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Booting Linux on USB without restarting

By ReederOnTheRun ยท 6 replies
Aug 30, 2012
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  1. First, I'm a linux noob. Just made the switch on my laptop and I love it. That got me thinking of how much I'd enjoy linux over the not-so-great Windows computers at my university. So here's the situation:

    - The campus computers are laggy and won't let you install anything (except spotify for some reason?)
    - I have a 16GB usb
    - The tech support here said that the computers probably won't boot from a cd or usb because the they are all connected to some off-site server that controls what is booted.

    1. I was wondering if any of you knew how I can force the computer to boot from the usb?
    2. Is 16GB fine for Linux mint 13?
    3. Will it still work if I switched to a different computer? (I don't know if it might automatically load drivers for that specific hardware and not know what to do when I go to a different computer)

  2. Leeky

    Leeky TS Evangelist Posts: 3,797   +116

    You could do that, but you'd need to find a way of booting it from USB first, otherwise it wouldn't work. I would imagine they'd have protections in place to prevent exactly that thing from happening to be honest.
  3. jobeard

    jobeard TS Ambassador Posts: 10,432   +801

    hmm; disconnect the network cable, insert the CD or USB stick and the reboot.
    You are now isolated from the network and under the control of the BIOS settings for the boot process.

    If the boot order in the BIOS is correct, the the CD will boot. The USB should but some systems have problems
    with this issue.

    btw: Knoppix CD is a great Linux boot
  4. ReederOnTheRun

    ReederOnTheRun TS Booster Topic Starter Posts: 304   +62

    To Leeky:

    Yeah, that's what I was thinking. I did read something about a program you can run in windows to force it to restart and boot from the usb, but I'm still at the early stages of figuring out if that'll work.

    To jobeard:

    Great idea! I'll try that next time I get a chance and see what happens. If the regular usb boot doesn't work I'll try Knoppix CD.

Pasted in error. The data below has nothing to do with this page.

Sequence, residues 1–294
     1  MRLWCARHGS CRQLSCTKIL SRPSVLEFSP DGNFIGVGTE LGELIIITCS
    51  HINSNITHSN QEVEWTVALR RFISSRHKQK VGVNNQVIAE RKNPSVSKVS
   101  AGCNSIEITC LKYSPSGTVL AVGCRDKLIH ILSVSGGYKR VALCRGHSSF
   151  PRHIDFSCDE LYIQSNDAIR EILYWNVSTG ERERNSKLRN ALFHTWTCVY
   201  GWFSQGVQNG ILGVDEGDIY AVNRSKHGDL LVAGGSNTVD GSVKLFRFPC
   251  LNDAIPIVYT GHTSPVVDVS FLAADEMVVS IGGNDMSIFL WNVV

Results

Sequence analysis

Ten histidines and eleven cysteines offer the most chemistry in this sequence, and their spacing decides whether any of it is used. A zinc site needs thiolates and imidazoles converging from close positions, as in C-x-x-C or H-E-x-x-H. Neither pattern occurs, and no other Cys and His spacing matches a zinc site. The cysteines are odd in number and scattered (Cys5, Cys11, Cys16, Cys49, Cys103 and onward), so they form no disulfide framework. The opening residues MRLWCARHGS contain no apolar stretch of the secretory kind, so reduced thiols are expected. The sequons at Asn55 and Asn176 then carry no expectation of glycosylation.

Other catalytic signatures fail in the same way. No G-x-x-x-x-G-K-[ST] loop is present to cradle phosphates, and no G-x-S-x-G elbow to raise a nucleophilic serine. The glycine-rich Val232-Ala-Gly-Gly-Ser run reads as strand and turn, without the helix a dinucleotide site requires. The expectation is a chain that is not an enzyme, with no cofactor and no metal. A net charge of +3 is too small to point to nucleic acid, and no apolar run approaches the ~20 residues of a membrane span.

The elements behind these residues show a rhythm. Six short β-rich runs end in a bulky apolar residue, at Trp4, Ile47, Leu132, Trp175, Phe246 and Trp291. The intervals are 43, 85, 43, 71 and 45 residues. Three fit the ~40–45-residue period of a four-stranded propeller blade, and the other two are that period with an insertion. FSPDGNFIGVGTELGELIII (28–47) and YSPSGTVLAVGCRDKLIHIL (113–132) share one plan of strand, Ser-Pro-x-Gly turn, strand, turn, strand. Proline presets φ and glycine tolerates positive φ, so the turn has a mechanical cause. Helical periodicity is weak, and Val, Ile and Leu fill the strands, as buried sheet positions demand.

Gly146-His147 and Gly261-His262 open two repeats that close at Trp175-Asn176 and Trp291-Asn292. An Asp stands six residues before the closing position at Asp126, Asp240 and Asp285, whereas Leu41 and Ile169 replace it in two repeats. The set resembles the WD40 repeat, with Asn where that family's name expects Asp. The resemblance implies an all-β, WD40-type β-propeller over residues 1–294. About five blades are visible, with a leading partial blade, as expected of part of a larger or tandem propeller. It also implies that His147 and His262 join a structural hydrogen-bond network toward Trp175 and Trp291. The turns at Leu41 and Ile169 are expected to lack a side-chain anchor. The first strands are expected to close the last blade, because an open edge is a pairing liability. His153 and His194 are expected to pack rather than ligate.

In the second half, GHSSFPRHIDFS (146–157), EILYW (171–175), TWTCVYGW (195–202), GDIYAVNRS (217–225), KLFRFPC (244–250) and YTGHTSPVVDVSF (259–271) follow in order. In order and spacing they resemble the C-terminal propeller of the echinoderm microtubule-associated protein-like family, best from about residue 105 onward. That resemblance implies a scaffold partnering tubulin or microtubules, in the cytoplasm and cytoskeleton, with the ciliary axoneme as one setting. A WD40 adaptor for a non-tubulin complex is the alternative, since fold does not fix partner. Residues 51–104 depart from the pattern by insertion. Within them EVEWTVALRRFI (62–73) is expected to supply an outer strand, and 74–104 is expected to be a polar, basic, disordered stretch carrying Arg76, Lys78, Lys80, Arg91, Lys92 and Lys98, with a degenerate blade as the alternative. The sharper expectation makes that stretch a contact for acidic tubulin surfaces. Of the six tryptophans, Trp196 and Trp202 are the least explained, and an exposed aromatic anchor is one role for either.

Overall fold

5. Leeky

    Leeky TS Evangelist Posts: 3,797   +116

    I'd also make sure you aren't breaking any regulations set by your educational institution before proceeding as well. They might take a very aggressive line if you proceeded. I know previous colleges and University campuses deployed software that effectively meant they could "oversee" the usage of each terminal, and take control of them if required. Running Linux and by-passing the main OS (and terminal login) would prevent them from working, and effectively isolate it from the network. I doubt they'd allow that. lol.
  6. LNCPapa

    LNCPapa TS Special Forces Posts: 4,247   +448

    Being that I'm one of those university admins and one of my many tasks is to manage the public labs I have a very subjective point of view on this topic. I don't have time to watch over the status of my machines when I set them to do things, but if I were to find out someone (student, faculty, or staff) were interfering with this in some way I would make life for them very difficult when it comes to central IT related resources. If I were you I would tread lightly in this area as it's much easier for the admins to grief you than you might think. This is a situation where you might just want to go with the flow and if that's too much of an inconvenience then use your own laptop.
  7. ReederOnTheRun

    ReederOnTheRun TS Booster Topic Starter Posts: 304   +62

    Those are pretty good points, never really considered them. I'll run this by the tech support desk first and see what they think. It'd just be way faster to use my own linux os without getting bogged down in all of their restrictions and running programs.

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